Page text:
Metabolic syndrome will be classified according to definitions by the third Adult Treatment Panel Report of the National Cholesterol Education Program [37] and the Joint Interim Statement of the International Diabetes Federation; National Heart, Lung, and Blood Institute; and the American Heart Association [38] (Table 1). Should these criteria be updated during our analysis, we will strive to take these adjustments into account.

Risk of Bias

Sex, date of birth, date of cancer diagnosis, and disease and treatment data are also available for nonparticipating survivors. Hence, comparing participating and nonparticipating survivors in order to determine the risk of selection bias is feasible. We will also compare these data between survivors with complete and incomplete data to judge the risk of attrition bias. Neither physician nor study personnel were blinded to the exposures of the survivors. Objectively measurable outcomes will reduce the risk of bias in this setting.

Statistical Analysis

Prevalence of Metabolic Syndrome

The percentage of subjects with metabolic syndrome and the separate components will be assessed in survivors and in the Lifelines reference cohort according to both aforementioned metabolic syndrome definitions. Both cohorts will be compared by Chi-square (or Fisher exact) test. The relative risk for survivors to develop metabolic syndrome, compared to Lifelines reference data, will be calculated by employing a log-binomial regression model. The agreement between both metabolic syndrome definitions will be investigated with kappa statistic, in the whole cohort and stratified by sex.

A total body fat percentage of more than two standard deviations above the mean, as assessed by dual-energy x-ray absorptiometry, will be used as the most reliable marker for adiposity. We will estimate the correlation between waist circumference and fat percentage measured by dual-energy x-ray absorptiometry scan, and we will compare overweight classification with both definitions.

Risk Factors

Treatment-related risk factors for occurrence of metabolic syndrome and the separate components will be assessed using multiple uni- and multivariable logistic regression models. Based on literature, an initial model will be built with cranial radiotherapy, abdominal radiotherapy, and alkylating agents (total alkylating dose calculated using cyclophosphamide equivalent dose [61]) as treatment-related independent variables, and age, sex, follow-up time, and smoking as patient-related independent variables. The effect of potential additional risk factors will be assessed by adding them to the initial model, and variables with a P value <.20 will be kept in the final model. These potential risk factors include all other chemotherapy agents (type and total cumulative dose), other radiotherapy fields (body location and dose), corticosteroids, education level, family history, physical activity, functional exercise capacity, and comorbidities.

We will also investigate different abdominal radiotherapy fields involved (pancreas, liver), and the influence of stem cell transplantation conditioning regimens. We will also study patient- and treatment-related risk factors for the outcome underdiagnosis of overweight measured by waist circumference.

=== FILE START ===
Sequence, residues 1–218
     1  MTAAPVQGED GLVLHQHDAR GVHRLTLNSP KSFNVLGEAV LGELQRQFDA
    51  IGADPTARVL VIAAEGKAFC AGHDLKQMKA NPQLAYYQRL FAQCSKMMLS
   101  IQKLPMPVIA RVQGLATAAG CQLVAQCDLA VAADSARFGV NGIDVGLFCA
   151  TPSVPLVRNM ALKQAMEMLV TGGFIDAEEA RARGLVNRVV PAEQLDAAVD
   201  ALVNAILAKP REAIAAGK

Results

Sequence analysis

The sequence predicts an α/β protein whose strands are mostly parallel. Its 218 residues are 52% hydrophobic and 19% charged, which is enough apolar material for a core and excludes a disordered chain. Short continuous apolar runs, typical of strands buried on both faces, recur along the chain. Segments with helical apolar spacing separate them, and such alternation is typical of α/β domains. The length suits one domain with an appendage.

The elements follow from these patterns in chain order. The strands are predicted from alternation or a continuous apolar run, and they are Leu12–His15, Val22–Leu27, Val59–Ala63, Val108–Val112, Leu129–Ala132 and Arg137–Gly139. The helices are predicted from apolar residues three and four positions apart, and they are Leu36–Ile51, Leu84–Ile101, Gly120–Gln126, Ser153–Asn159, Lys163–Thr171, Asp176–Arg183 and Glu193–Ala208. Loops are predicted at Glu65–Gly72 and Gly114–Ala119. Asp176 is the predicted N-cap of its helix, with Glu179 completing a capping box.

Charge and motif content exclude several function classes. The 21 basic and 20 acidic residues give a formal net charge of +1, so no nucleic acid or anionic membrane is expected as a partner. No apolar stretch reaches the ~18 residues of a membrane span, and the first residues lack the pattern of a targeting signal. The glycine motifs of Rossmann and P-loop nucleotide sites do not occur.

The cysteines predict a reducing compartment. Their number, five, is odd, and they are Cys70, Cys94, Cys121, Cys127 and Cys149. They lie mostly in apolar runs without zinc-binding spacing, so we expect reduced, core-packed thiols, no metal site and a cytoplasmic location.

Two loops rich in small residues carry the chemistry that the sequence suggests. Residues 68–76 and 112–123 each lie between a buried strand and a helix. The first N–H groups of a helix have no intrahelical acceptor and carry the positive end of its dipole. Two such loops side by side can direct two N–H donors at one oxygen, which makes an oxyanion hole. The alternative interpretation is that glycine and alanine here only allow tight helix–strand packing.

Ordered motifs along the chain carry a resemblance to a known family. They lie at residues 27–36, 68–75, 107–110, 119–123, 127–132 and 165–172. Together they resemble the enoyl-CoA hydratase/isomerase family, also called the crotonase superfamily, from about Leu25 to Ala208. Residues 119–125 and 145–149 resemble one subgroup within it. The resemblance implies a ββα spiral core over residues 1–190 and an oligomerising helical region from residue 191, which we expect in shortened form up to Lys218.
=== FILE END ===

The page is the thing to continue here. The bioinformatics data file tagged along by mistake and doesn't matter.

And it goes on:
Biomarkers

Biomarker values will be reported, with reference values from the local laboratory where the samples are measured. This will be compared to Lifelines reference data by Chi-square (or Fisher exact) test. A risk factor analysis of altered biomarker values will be performed similarly to the abovementioned strategy for risk factor analysis of metabolic syndrome occurrence.

The diagnostic and predictive value of the biomarkers to detect metabolic syndrome will be investigated in multiple steps. We will stratify the survivors by metabolic syndrome presence or absence and compare mean or median values with the t test or Mann-Whitney U test. We will evaluate sensitivity and specificity and positive and negative predictive value based on the reference values of the local laboratory where the samples are measured. We will compare the area under the curve for a model with metabolic syndrome components and for a model with each biomarker added in order to investigate the additional diagnostic value of the novel biomarkers. We will build multivariable logistic regression models with metabolic syndrome as dependent variable and the biomarker as independent variable. In these models, we will also include metabolic syndrome components as covariates in order to investigate the independent predictive value of the novel biomarkers. We will estimate the metabolic syndrome risk by including the biomarker as categorical as well as continuous variable.

Correlation (Pearson or Spearman) between biomarkers and fat percentage by dual-energy x-ray absorptiometry scan will be used to measure the potential use as surrogate markers for adiposity.

Genetic Susceptibility Analysis

Genotyping will be performed with the Infinium Global Screening Array [62] on DNA isolated from blood or, in post-stem cell transplantation survivors, saliva. Quality control of the genotype data will be performed following a standardized protocol [63] including filtering based on call rate (excluded when <0.975 for either single nucleotide polymorphism or individual call rate), Hardy-Weinberg equilibrium, excess heterozygosity, gender mismatches, and familial relationships. Genetic ancestry will be assessed based on principal component analysis. Imputation will be performed with the Michigan Imputation Server using standard settings [64] with reference panel Haplotype Reference Consortium version r1.1 [65].